Richard D. Fairbank
Chairman and Chief Executive Officer at Capital One Financial
Thanks, Andrew and good evening, everyone. I'll begin on slide 10 with our Credit Card business. Accelerating year-over-year growth in purchase volume and loans coupled with strong revenue margin drove an increase in revenue compared to the fourth quarter of 2020. Credit Card segment results are largely a function of our Domestic Card results and trends, which are shown on slide 11. As you can see on slide 11, our Domestic Card business posted strong growth in every topline metric in the fourth quarter. Purchase volume for the fourth quarter was up 29% year-over-year and up 30% compared to the fourth quarter of 2019.
The rebound in loan growth accelerated with ending loan balances up $10.2 billion or about 10% year-over-year. Ending loans also grew 10% from the sequential quarter ahead of typical seasonal growth of around 4%. Ending loan growth was the result of the strong growth in purchase volume as well as the traction we're getting with new account originations and line increases partially offset by continued high payment rates. And revenue was up 15% year-over-year driven by the growth in purchase volume and loans. Domestic Card revenue margin increased 123 basis points year-over-year to 18.1%.
Two factors drove most of the increase. Revenue margin benefited from spend velocity which is purchase volume and net interchange growth outpacing loan growth and favorable year-over-year credit performance enabled us to recognize a higher proportion of finance charges and fees in fourth quarter revenue. Credit results remain strikingly strong. The Domestic Card charge-off rate for the quarter was 1.49%, a 120 basis point improvement year-over-year. The 30-plus delinquency rate at quarter end was 2.22%, 20 basis points better than the prior year. On a linked quarter basis, the charge-off rate was up 13 basis points and the delinquency rate was up 29 basis points. Non-interest expense was up 24% from the fourth quarter of 2020. The biggest driver of non-interest expense was an increase in marketing.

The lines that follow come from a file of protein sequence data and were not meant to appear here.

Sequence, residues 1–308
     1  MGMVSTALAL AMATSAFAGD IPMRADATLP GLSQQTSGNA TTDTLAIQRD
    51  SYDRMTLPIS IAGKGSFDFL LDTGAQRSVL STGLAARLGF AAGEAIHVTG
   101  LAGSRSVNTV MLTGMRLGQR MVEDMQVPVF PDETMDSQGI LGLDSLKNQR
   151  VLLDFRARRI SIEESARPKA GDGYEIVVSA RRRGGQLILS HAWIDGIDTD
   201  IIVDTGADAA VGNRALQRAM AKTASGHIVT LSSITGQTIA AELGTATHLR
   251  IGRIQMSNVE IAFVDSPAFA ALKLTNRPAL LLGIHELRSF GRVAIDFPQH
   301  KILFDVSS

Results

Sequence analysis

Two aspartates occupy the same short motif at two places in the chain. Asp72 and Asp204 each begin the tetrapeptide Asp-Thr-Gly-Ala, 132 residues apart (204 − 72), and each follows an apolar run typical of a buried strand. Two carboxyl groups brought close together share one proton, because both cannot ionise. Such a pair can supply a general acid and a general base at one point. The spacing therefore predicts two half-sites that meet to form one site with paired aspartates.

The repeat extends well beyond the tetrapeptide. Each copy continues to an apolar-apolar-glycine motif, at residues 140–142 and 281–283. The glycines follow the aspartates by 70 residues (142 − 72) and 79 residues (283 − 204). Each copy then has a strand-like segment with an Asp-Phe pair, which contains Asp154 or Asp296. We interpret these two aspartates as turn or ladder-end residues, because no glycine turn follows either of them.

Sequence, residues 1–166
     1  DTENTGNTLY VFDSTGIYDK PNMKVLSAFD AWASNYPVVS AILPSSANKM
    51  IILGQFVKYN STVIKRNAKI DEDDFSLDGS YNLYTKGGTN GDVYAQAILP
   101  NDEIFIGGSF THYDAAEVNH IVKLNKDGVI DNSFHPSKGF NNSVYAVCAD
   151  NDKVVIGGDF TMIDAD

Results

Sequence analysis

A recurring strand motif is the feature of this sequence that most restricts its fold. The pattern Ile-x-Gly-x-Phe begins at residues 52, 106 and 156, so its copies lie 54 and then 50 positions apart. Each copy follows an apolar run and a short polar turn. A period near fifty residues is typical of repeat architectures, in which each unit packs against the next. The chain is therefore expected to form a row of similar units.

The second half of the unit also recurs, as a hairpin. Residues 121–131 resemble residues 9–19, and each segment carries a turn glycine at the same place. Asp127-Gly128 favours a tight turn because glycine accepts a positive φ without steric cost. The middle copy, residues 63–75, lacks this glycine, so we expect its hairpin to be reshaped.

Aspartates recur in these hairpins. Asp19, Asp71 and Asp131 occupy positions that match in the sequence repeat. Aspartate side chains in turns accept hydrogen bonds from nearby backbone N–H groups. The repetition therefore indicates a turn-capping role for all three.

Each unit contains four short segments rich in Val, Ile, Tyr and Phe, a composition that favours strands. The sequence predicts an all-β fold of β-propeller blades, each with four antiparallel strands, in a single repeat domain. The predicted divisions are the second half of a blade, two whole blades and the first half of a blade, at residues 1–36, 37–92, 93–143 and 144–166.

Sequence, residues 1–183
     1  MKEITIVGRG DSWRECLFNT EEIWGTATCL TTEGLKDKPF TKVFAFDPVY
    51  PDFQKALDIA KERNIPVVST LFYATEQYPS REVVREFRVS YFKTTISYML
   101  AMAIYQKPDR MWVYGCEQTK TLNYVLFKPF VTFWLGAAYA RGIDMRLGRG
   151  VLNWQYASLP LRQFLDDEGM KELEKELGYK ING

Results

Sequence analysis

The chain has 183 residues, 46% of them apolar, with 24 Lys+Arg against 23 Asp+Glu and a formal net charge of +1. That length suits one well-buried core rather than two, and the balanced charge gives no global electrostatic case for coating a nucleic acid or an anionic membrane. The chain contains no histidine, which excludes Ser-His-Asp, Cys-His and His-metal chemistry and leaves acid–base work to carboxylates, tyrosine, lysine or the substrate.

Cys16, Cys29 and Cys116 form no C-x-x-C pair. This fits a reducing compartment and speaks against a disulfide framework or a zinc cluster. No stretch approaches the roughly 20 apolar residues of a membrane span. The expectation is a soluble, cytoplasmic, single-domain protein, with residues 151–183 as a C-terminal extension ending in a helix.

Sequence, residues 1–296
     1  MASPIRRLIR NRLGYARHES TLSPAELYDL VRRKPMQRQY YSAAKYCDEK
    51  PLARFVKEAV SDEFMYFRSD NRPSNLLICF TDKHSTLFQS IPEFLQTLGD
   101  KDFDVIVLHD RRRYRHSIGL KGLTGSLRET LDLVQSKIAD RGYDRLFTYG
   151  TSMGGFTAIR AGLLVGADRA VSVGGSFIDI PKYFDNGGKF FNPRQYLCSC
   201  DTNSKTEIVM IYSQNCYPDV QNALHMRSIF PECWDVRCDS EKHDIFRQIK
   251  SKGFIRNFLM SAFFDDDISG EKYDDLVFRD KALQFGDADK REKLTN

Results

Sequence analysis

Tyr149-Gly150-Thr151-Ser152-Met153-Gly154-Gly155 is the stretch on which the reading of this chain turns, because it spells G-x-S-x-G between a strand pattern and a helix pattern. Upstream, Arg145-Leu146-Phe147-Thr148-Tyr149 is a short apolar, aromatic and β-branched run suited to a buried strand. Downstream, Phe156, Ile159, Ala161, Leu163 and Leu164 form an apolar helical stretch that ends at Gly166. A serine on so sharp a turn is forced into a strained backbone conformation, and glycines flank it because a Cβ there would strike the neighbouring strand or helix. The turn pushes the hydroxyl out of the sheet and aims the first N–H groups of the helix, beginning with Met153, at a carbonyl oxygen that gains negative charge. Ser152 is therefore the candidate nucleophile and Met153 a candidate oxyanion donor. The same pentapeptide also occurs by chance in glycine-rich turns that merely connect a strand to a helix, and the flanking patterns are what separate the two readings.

Total Company marketing expense was $999 million in the quarter. Our choices in Domestic Card marketing are the biggest driver of total Company marketing trends. We continue to see attractive opportunities to grow our Domestic Card business and our growth opportunities are enhanced by our technology transformation. We continue to lean into marketing to drive growth and build our Domestic Card franchise. At the same time, we're keeping a watchful eye on the competitive environment which is intensifying. Pulling up, our Domestic Card business continues to deliver significant value as we invest to grow and build our franchise.
Moving to slide 12, strong loan growth in our Consumer Banking business continued in the fourth quarter. Driven by auto, fourth quarter ending loans increased 13% year-over-year in the Consumer Banking business. Average loans also grew 13%. Fourth quarter auto originations were up 32% year-over-year. Our digital capabilities and deep dealer relationship strategy continued to drive year-over-year growth in our auto business. In the fourth quarter, we saw a pickup in competitive intensity in the marketplace. On a linked quarter basis, auto originations were down 16%. Fourth quarter ending deposits in the consumer bank were up $6.6 billion [Phonetic] or 3% year-over-year. Average deposits were up 2% year-over-year.